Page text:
I am looking at the Coupon Collector's problem. The classical result is that we need to collect $n \ln(n) + O(n)$ on average to have at least one coupon of each type.

I am searching for the number of coupons we need to collect to have at least $\frac{n}{2}$ different coupons, and I have a doubt on how to proceed.

Viewed as a balls and bins problem, this is equivalent to determining the number of balls to throw in order to have less than $\frac{n}{2}$ empty bins. If we throw $m$ balls into $n$ bins, it is know that the expected number of empty bins will be smaller or equal to $e^{-m/n}$. Hence by letting $m = \ln(2) \cdot n$ I have what I want.

However, if I try to solve it like in [1] or [2], I obtain that the number of balls is on average $nH_{n/2} \approx n \ln(n/2) + O(n)$ where $H_{n}$ is the $n$-th harmonic number.

Another approach is to count all the solutions that are acceptable ($n/2$, $n/2 + 1$, ..., $n$ non-empty bins) yielding $n(H_n - H_{n/2}) \approx n\ln(2) + O(n)$ which is what I want.

Which approach is correct?

[1] Mitzenmacher, Michael, and Eli Upfal. Probability and computing: Randomized algorithms and probabilistic analysis. Cambridge university press, 2005.
[2] Motwani, Rajeev, and Prabhakar Raghavan. Randomized algorithms. Chapman & Hall/CRC, 2010.

  • $\begingroup$ There is an unconventional approach to the problem at this MSE link where the case of a subset of size $j$ is discussed. We obtain $n\log 2$ when setting $j=n/2.$ $\endgroup$ – Marko Riedel Jan 28 '17 at 23:33

I believe the answer is indeed asymptotic to $n\ln2$.

A traditional way to solve the original problem is this: let $X_k$ be the random variable that describes, once we have $k$ distinct coupons, how many further coupons we need to obtain before we have $k+1$ distinct coupons. Since the probability that a new coupon is different from the first $k$ coupons is $1-\frac{k}n$, the distribution of $X_k$ is geometric with parameter $(1-\frac{k}n)^{-1} = \frac n{n-k}$, and therefore has expectation $\frac n{n-k}$. The total amount of time it takes to have all $n$ distinct coupons is $\sum_{k=0}^{n-1} X_k$; by linearity of expectation (we don't even use the fact that the $X_k$ are independent), the expected time is $\sum_{k=0}^{n-1} \frac n{n-k} = nH_n$.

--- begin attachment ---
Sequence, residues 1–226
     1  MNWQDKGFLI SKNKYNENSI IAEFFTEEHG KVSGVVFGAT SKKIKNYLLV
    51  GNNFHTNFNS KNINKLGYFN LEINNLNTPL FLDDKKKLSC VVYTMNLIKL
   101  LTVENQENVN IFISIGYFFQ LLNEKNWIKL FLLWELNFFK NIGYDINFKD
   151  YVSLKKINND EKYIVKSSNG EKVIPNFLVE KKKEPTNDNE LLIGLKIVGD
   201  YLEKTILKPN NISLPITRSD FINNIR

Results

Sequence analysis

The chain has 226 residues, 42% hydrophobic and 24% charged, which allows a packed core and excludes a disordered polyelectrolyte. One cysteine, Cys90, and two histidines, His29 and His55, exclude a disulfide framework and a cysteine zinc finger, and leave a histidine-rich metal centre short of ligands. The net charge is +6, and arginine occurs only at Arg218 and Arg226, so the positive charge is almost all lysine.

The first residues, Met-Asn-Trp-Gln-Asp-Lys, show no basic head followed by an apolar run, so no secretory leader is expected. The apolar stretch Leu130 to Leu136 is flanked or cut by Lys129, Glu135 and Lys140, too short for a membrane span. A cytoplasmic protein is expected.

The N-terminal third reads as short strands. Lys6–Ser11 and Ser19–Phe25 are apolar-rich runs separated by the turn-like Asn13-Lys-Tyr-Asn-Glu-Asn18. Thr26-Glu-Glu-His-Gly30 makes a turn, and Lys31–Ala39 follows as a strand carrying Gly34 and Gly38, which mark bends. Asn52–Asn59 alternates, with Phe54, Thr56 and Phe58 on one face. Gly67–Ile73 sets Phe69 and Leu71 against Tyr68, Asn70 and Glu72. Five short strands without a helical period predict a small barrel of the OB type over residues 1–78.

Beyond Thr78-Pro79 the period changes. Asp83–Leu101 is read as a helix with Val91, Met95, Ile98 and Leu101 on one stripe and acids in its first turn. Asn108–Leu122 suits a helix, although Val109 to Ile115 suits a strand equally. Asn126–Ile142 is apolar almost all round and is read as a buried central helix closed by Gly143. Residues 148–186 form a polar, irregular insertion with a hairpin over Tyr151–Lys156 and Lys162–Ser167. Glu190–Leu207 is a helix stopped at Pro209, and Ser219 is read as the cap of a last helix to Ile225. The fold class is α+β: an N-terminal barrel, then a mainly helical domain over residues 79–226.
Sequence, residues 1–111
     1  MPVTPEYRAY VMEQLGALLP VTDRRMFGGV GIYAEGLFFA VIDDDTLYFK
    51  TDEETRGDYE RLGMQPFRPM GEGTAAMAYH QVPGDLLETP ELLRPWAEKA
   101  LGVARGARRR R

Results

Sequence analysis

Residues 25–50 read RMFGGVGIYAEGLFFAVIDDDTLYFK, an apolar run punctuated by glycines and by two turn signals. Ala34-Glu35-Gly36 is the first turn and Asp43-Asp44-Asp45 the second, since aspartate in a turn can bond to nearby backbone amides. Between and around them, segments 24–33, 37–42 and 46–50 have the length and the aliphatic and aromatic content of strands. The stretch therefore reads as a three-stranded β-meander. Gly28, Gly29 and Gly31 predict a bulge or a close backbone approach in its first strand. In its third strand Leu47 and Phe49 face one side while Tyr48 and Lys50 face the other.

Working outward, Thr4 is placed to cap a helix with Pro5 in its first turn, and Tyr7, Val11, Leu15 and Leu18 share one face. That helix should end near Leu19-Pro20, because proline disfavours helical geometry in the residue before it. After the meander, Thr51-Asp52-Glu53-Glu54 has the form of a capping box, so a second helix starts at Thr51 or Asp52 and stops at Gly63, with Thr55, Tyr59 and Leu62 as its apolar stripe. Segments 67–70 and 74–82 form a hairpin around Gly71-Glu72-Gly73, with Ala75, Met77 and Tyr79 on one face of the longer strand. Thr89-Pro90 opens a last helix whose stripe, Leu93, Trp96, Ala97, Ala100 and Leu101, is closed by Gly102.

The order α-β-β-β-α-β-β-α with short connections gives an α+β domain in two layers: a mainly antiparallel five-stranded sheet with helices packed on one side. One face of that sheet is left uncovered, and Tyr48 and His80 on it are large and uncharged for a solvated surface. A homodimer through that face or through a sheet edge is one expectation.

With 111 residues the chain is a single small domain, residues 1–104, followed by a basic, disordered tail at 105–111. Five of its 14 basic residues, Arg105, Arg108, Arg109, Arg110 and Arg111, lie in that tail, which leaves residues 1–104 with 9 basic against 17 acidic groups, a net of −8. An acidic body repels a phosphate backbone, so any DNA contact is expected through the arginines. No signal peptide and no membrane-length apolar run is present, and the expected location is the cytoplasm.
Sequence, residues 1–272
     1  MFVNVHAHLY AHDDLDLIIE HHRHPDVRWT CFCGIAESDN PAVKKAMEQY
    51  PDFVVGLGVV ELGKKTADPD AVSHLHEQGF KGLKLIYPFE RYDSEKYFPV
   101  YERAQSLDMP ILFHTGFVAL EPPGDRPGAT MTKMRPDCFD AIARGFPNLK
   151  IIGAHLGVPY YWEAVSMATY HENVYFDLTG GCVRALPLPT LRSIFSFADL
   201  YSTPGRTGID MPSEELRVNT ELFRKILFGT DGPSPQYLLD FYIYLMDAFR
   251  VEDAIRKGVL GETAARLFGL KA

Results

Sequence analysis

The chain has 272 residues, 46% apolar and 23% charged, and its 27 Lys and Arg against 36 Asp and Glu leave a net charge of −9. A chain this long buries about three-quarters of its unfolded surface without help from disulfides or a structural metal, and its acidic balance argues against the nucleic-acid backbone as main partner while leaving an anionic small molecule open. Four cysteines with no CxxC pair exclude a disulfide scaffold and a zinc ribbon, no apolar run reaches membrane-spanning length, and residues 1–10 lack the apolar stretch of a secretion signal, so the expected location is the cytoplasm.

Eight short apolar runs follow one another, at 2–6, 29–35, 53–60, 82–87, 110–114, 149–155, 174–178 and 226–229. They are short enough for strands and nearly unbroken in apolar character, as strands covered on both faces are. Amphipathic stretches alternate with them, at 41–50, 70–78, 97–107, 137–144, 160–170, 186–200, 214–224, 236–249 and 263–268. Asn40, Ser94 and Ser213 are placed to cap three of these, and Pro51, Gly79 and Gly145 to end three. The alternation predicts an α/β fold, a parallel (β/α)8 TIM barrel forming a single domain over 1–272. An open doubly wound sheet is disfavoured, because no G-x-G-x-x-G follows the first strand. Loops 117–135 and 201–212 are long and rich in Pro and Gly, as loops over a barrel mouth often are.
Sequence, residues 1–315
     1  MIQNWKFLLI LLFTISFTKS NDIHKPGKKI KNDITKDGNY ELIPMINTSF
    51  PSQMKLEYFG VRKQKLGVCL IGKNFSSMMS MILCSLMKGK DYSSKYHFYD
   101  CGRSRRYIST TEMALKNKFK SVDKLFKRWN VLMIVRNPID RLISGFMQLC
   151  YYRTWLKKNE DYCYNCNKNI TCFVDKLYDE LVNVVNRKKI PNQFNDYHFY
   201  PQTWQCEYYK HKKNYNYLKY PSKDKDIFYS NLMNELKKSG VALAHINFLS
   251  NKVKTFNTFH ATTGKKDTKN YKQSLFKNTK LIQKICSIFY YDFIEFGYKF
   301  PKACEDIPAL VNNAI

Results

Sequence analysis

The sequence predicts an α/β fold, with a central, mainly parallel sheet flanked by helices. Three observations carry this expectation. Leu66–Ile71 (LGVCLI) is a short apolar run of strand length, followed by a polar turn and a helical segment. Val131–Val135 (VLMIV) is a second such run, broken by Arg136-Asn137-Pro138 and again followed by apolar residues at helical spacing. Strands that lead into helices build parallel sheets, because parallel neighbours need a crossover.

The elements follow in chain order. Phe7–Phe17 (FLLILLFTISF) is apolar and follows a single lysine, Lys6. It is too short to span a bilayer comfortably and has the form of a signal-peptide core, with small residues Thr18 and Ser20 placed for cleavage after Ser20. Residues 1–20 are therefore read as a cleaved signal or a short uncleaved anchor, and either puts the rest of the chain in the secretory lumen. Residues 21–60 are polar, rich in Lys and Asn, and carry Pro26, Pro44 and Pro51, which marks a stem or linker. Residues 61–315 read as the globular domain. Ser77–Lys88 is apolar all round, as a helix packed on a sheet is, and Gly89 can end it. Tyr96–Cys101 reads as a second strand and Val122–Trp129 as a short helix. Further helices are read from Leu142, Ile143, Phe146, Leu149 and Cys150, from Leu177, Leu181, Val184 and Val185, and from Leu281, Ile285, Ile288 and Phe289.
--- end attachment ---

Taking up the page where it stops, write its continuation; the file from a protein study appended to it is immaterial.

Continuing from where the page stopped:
But if we only want to measure the time to get half the coupons, the relevant sum is now $\sum_{k=0}^{n/2-1} \frac n{n-k} = nH_n - nH_{n/2} \sim n\ln2$.

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    $\begingroup$ Thanks for the answer, I just noticed that in both books, they change of index for the summations and that's why I was confused. I'll accept your answer, but I believe the distribution of $X_k$ is geometric, as it is describes one sucess and $m-1$ "failures" (that's the distribution used in both books). The answer is the same though. Thanks for removing my confusions :). $\endgroup$ – Laurent Hayez Jan 28 '17 at 10:32
  • $\begingroup$ Great diagnosis of the source of the discrepancy! And yes, I think you're exactly right about geometric vs. Poisson (that's my flawed understanding at work); I've edited. $\endgroup$ – Greg Martin Jan 28 '17 at 19:57

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